This is my final blog of the year, and what a year! Where did it go? It is certainly true that the older you get the quicker time seems to pass; this time last year I was preparing to leave to spend Christmas in New Zealand, and as the tied old cliché goes “it only seems like 5 minutes ago”
As you may have read in my last missive, we have spent most of the last three months finalising our preparations for the new world of fees replacing commission on investment business from January 1st so I won’t tread that path again in this blog, merely to say we have had to take some tough decisions but we feel that we are as well prepared as anyone.
The country and the western world in general continues to suffer widespread economic sluggishness; even that normal powerhouse Germany, recently warned of a slowdown and it seems that 2013 will be unlikely to herald any great recovery. However, once the recovery begins I believe that we will see the usual short term surge in stock market values.
The other issue that confronts the UK is inflation. At the moment it appears to running ahead of Bank of England (BoE) targets and in fact some sectors of the population, most notably pensioners are probably suffering higher rates of real inflation due to the areas in which they spend a disproportionate amount of their income, predominantly food and household utilities where prices continue to rise. Of course, the normal way of combatting inflation is a gradual rise if interest rates but at the moment that course of action appears to be out of the question as the BoE continues to support a base rate of 0.5% as their preferred method of economic management; whilst it certainly helps business and mortgage holders to have lower rates, it seems that the mortgage savings are not being spend in the High St., people are opting to reduce their debt level, which is good for the economy in the long term but not helpful to the retail sector right now.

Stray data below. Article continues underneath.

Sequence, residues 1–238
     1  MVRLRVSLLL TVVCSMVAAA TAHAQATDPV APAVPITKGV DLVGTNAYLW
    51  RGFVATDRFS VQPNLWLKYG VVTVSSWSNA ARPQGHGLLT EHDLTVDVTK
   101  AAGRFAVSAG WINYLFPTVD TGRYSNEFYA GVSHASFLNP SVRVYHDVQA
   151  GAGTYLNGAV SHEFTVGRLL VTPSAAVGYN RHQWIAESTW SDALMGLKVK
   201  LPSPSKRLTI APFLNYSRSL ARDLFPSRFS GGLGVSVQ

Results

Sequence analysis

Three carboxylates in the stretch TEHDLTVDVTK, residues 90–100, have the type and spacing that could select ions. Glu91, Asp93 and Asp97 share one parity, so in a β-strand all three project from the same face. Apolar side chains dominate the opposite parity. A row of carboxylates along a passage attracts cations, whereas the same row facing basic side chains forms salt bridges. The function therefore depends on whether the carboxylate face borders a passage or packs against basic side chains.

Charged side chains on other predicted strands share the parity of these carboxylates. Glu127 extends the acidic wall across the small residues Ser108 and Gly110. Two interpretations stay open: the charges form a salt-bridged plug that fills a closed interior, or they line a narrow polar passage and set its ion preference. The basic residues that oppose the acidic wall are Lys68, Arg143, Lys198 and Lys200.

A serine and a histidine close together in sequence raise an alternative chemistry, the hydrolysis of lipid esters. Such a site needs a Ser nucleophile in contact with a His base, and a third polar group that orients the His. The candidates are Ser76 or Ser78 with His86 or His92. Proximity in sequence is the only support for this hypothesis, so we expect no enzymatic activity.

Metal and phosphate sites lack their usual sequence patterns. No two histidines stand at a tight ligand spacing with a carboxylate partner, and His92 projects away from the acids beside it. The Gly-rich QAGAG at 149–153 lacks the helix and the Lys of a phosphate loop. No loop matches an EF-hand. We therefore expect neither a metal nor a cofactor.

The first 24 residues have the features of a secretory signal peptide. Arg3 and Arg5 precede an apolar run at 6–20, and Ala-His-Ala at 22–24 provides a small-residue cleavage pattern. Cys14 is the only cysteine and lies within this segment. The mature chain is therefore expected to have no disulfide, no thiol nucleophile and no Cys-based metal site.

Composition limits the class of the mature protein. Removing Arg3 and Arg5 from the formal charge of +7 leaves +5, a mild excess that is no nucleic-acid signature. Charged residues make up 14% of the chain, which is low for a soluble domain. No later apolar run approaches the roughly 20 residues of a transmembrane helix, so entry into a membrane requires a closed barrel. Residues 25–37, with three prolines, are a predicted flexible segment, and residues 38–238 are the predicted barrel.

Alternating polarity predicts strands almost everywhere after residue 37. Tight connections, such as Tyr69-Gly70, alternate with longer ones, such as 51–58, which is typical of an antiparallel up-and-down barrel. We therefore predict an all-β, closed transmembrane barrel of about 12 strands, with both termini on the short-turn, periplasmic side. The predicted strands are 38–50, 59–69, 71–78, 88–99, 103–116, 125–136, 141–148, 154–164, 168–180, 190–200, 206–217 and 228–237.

The Chancellor, George Osborne, has had his fair share of ‘stick’ but you cannot deny that he’s a shrewd operator and his appointment of the new BoE Governor, someone from outside the UK was a masterstroke; he earned great kudos (even a compliment from Ed Balls-words rarely heard) by persuading the Canadian central bank chief, Mark Carney, who was clearly the outstanding candidate, to accept the post. Carney is credited with navigating Canada through the 08/09 Global financial crisis with little or no structural damage to either their economy or their banking system.
The UK retail financial services sector, awaits the emergence of a new regulator early in 2013; the Financial Conduct Authority (FCA) to replace FSA. This is our fourth regulator since 1987. First it was FIMBRA, then PIA, then FSA and now FCA. One day they’ll run out of acronyms!!
So, in closing I wish everyone a happy and peaceful Christmas and a healthy and prosperous 2013.
Best wishesPosted In : Alexander Beard, Paul Beard